Recession or No, (and Probably No) Companies in Good Shape
Fitch Ratings says there are noticeable differences that negate recession red flags.
“If we're in the sixth inning, we have our sluggers coming to bat.” That was Warren Buffet this week telling CNBC that there was “no question” that the economy is strong. It’s a good thing because there are indicators out there that suggest the economy is at a tipping point. According to some, the expansion that started in 2009 is way past its sell-by date. That is, since expansions usually last around five years or so, this latest one is on borrowed time.
And according to Fitch Ratings, the credit cycle is elderly and default rates are low, which in the past meant that a recession was around the corner. On top of this China is slowing. However, Fitch says, there are “notable differences” this time around and in any case, companies could handle whatever comes.
One reason is that the US Federal Reserve loan officer survey continues to show easing standards for large and middle-market firms, whereas credit was starting to tighten in the later stages of the previous two credit cycles. In addition, the US high-yield distressed yield ratio stands today at just over 4% and has remained below 10% since the fourth-quarter 2016. Read more here.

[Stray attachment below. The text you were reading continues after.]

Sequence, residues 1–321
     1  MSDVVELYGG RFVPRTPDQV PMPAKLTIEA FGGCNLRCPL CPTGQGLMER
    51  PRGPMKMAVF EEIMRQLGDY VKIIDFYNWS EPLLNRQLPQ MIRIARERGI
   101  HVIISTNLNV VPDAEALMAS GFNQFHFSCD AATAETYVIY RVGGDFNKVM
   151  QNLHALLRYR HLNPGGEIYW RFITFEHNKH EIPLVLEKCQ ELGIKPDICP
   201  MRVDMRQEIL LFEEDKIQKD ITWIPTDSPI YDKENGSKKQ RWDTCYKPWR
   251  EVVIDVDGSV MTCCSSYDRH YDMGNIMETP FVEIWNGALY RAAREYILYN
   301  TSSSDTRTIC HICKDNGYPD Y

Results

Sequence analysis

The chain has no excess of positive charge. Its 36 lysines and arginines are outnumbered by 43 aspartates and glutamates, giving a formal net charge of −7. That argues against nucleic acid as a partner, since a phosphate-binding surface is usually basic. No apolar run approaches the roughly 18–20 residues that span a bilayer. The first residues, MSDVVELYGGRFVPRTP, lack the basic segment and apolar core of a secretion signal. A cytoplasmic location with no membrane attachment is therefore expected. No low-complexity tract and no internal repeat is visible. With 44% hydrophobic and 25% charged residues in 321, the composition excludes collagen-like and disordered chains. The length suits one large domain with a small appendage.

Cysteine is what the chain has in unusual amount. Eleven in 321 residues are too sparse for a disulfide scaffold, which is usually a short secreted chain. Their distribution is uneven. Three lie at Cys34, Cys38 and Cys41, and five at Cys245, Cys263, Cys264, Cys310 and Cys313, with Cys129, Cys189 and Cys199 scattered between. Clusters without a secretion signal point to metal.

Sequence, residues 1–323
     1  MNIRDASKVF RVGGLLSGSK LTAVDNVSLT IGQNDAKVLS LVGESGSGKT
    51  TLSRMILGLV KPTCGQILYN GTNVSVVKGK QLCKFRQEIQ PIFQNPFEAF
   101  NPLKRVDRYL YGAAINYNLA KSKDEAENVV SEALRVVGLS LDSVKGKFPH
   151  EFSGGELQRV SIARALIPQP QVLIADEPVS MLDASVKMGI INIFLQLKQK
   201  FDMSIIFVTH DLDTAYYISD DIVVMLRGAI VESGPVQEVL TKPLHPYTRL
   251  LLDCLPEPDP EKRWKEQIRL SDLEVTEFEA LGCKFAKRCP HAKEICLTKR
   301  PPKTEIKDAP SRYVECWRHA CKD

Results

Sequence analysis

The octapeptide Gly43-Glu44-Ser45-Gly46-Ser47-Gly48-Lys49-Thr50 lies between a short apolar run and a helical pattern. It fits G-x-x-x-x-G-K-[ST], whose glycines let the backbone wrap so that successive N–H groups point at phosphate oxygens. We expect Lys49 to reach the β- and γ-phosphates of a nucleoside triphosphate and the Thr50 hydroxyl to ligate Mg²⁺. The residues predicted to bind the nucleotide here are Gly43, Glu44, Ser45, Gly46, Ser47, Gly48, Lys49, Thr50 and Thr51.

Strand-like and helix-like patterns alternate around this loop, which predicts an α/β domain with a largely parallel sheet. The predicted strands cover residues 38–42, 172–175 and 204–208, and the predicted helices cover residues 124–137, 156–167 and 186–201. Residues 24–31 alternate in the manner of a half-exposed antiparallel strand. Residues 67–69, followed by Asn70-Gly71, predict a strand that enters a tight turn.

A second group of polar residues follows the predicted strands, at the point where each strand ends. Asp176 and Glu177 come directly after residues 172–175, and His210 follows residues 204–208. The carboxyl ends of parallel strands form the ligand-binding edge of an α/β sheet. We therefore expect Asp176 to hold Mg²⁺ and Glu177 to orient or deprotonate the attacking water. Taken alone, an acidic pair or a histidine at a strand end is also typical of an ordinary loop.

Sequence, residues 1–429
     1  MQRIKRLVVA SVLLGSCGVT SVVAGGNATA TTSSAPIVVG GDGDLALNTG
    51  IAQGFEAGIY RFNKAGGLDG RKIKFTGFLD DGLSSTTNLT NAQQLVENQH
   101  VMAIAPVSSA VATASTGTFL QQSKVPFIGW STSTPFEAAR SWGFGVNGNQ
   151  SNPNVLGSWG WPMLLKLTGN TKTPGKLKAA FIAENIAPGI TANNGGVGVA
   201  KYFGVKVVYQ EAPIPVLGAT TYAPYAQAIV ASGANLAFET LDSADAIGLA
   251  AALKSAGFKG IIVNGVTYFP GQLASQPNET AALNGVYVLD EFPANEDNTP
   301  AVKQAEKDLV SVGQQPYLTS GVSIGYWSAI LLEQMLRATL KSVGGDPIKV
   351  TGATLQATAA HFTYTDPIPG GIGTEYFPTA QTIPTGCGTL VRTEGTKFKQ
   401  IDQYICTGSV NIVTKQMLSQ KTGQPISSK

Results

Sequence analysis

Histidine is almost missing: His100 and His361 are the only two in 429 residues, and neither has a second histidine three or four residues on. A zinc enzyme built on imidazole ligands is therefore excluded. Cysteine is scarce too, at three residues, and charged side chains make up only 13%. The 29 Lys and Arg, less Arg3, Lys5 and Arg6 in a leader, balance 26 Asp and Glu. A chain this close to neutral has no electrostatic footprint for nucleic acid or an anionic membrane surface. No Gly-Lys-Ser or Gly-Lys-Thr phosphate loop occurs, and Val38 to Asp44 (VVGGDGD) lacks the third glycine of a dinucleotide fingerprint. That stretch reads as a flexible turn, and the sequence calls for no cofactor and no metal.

Also this week, May was a banner month for stock repurchases, driven in large part by one company: Apple. According to Birinyi Associates, there were 107 new repurchase authorizations made in May for a total of $176.8 billion. The firm said “a significant portion” of May’s total value was Apple’s announcement of $100 billion in planned repurchases. “This announcement was the single largest share repurchase authorization ever,” Birinyi said in its June 4 bulletin. Read more here.
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